Currently, the interns are working on several projects including workshops for the East Coast Asian American Student Union (ECAASU) at University Pennsylvania; a presentation at the Bluestockings Bookstore; and revamping the Peace Treaty blog. The interns and supervisors are excited about launching the blog on Friday March 5 and updating it with stimulating media! Please check out http://peacetreaty.wordpress.com for interesting stories and to follow our countdown posts (every Friday) until the 60th anniversary since the outbreak of the Korean War.

More About the Interns:

Hyein Lee is an international student from South Korea studying at New York University. With graduation looming around the corner, she is trying to hatch a plan to remain in the U.S. Hyein became committed to the Peace Treaty Campaign because she believes the Korean peninsula needs to break free from the residues of the Cold War.

Ma Ro Kim is a senior undergraduate student at New York University whose concentration of study includes politics, economics, and international relations. She is currently an intern at Nodutdol, assisting and participating in the Peace Treaty Campaign and various other activities to promote peace and justice in Korea.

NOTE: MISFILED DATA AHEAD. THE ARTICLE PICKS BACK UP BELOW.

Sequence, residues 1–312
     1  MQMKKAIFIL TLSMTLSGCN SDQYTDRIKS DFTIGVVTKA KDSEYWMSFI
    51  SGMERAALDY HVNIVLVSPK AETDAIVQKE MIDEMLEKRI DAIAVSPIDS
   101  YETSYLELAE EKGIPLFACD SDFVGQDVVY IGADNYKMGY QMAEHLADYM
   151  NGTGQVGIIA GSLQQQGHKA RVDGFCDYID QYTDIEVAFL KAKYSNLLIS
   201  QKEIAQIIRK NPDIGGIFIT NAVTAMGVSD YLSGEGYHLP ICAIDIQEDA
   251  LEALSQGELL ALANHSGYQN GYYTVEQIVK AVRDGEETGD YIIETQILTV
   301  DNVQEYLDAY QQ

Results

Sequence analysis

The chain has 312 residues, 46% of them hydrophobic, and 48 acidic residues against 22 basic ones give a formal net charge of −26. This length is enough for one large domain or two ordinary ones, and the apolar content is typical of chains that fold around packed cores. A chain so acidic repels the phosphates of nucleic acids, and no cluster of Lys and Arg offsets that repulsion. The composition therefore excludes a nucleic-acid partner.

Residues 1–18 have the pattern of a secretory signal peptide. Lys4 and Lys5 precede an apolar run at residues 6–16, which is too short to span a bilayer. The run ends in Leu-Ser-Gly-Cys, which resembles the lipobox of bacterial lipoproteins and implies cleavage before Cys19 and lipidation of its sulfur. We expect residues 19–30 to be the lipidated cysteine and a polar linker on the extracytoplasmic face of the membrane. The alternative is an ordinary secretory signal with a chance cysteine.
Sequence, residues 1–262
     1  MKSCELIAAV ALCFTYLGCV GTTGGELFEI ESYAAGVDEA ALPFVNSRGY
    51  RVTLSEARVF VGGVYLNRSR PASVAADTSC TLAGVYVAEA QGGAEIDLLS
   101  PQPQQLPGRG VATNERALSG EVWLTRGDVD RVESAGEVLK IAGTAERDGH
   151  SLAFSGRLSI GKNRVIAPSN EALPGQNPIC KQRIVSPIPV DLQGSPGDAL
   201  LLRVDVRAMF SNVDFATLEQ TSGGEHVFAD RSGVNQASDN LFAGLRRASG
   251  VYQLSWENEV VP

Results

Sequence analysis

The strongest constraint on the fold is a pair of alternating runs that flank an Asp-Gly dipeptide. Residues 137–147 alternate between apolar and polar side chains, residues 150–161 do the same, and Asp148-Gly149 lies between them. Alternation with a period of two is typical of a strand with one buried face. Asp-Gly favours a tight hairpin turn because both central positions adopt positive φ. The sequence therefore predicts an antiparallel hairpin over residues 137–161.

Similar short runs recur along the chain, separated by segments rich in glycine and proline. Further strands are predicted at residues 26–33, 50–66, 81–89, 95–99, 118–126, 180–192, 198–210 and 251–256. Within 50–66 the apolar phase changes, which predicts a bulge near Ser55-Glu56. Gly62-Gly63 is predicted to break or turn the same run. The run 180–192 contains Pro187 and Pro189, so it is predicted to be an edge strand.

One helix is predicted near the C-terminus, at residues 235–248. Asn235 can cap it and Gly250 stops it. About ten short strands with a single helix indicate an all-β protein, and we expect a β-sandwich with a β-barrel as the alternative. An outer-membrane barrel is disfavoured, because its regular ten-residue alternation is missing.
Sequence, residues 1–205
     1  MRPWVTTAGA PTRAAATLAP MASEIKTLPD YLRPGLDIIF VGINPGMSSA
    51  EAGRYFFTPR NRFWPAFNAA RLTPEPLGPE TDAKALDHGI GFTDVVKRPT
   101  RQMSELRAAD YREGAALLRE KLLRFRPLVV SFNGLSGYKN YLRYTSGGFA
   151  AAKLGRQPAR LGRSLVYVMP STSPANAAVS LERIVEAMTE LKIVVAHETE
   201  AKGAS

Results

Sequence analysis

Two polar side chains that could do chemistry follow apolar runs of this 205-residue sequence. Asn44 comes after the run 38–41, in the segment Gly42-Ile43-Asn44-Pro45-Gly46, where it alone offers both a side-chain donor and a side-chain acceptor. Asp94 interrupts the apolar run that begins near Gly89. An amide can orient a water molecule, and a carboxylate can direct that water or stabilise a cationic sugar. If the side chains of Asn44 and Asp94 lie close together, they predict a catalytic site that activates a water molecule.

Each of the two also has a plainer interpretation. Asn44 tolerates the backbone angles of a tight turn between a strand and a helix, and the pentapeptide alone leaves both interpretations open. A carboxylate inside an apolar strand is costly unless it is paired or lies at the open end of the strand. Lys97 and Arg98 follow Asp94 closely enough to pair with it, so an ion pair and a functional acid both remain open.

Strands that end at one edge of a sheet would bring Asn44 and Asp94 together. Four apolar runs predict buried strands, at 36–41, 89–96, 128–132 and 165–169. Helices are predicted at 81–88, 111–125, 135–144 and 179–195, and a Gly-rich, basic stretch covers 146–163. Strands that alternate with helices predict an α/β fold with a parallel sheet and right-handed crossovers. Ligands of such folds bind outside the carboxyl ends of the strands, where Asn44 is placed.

Mark Choy is a Hunter College attendee whose area of concentration includes English-Creative Writing and Urban Studies. As a true philospoher, his interest in Nodutdol's internship program came about through the area of public policy and through seeking to understand cultures wholely and the effect that war plays upon them.

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About Nodutdol eNews

Nodutdol eNews is the monthly e-mail newsletter of Nodutdol.Through grassroots organization and community development, Nodutdol seeks to bridge divisions created by war, nation, gender, sexual orientation, language, classes and generation among Koreans and to empower our community to address the injustice we and other people of color face here and abroad. Nodutdol works in collaboration with other progressive organizations locally, nationally and internationally as part of a larger movement for peace and social change.